2.5D heterogeneous and 3D wafer-level stacking are reshaping the packaging landscape.
- Two main market segments:
– Highigh-end segment: highperformance computing, networking, gaming, and AR/VR/ MR
– Mid/low-end segment: CMOS Image Sensors (CIS), MEMS, and LED
- Semiconductor market mutation and its impact on stacking technologies
- Through silicon via’s (TSV) extensive usage in HPC and networking hardware
- 3D System on Chip (SoC) technology to hit the market by 2019
- Hybrid bonding/stacking technology: markets, applications, forecasts, and players
- Stacking technologies forecast for the CIS market Technologies that are challenging 2.5D TSV interposer
Key features of the report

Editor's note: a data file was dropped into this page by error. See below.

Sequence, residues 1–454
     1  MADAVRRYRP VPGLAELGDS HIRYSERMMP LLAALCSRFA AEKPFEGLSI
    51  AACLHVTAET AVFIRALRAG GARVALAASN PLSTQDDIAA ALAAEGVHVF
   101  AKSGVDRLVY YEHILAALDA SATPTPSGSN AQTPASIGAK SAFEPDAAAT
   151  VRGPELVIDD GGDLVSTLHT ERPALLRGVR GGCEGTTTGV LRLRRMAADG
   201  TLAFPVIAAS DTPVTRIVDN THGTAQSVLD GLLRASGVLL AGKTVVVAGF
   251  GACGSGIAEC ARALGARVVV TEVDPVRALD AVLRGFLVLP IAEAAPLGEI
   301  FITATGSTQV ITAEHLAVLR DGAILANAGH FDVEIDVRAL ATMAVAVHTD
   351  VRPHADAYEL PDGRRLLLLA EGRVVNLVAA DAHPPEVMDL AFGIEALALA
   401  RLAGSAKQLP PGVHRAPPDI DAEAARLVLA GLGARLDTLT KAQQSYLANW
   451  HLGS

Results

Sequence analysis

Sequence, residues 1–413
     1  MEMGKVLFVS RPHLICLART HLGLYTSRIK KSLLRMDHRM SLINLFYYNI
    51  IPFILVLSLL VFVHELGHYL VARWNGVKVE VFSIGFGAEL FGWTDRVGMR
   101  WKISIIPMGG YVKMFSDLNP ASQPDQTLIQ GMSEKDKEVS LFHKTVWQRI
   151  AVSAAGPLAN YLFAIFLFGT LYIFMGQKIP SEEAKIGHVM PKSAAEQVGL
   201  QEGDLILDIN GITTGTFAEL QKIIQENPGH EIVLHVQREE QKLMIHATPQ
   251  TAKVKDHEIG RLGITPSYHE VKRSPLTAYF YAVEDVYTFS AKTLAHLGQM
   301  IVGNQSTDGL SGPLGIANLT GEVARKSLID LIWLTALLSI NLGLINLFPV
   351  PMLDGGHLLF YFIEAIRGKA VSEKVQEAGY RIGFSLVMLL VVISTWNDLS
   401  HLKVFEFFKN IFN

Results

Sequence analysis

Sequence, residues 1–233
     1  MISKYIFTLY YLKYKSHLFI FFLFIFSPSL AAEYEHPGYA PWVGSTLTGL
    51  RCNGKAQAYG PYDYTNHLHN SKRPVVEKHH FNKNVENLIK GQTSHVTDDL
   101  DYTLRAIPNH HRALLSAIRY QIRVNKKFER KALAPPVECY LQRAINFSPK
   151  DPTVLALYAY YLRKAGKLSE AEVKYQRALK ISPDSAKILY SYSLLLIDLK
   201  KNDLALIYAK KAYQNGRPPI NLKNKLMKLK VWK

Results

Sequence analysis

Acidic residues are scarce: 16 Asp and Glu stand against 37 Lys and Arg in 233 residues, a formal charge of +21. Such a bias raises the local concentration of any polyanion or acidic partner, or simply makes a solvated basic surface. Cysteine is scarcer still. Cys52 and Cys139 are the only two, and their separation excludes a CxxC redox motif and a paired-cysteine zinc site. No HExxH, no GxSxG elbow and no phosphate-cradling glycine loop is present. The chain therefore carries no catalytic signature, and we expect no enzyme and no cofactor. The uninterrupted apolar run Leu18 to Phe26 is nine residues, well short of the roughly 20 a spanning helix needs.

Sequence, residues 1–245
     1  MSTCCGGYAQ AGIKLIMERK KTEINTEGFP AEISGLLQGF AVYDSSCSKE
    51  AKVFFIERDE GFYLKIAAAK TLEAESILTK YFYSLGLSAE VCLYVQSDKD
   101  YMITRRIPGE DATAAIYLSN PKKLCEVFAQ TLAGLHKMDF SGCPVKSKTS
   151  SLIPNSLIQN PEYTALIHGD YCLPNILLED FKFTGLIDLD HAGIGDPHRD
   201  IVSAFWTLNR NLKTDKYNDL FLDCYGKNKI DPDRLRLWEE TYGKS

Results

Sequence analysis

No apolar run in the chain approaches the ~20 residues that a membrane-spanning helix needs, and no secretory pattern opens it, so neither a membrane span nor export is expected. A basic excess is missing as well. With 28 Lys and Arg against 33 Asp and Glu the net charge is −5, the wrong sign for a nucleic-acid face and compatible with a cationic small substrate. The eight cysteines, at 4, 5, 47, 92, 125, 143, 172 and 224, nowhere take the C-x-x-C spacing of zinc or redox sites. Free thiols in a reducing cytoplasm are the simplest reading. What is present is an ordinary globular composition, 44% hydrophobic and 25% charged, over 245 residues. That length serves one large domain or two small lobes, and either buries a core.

- Markets and applications requiring 3D stacking technologies
- High-end market segment: stacking technologies (TSV, 2.5D interposer, and 3D SoC), supply chain and forecasts for HPC, networking, gaming, and AR/ VR/MR. Breakdown by product (stacked memory) and technology (2.5D and 3D SoC)
- Mid/low-end segment: technologies (TSV and hybrid bonding), supply chain, and forecasts for CIS, MEMS, sensors, and LED. Breakdown by technology for CIS and LED, and by application for MEMS & sensors
- The future of stacking technologies
Objectives of the report
- Illustrate the impact of the semiconductor market’s mutation on packaging technologies
- Outline three stacking technologies: through silicon via (TSV), 3D system-on-chip, and hybrid bonding
- Provide an overview of the markets requiring stacking technologies, along with updated market data and forecasts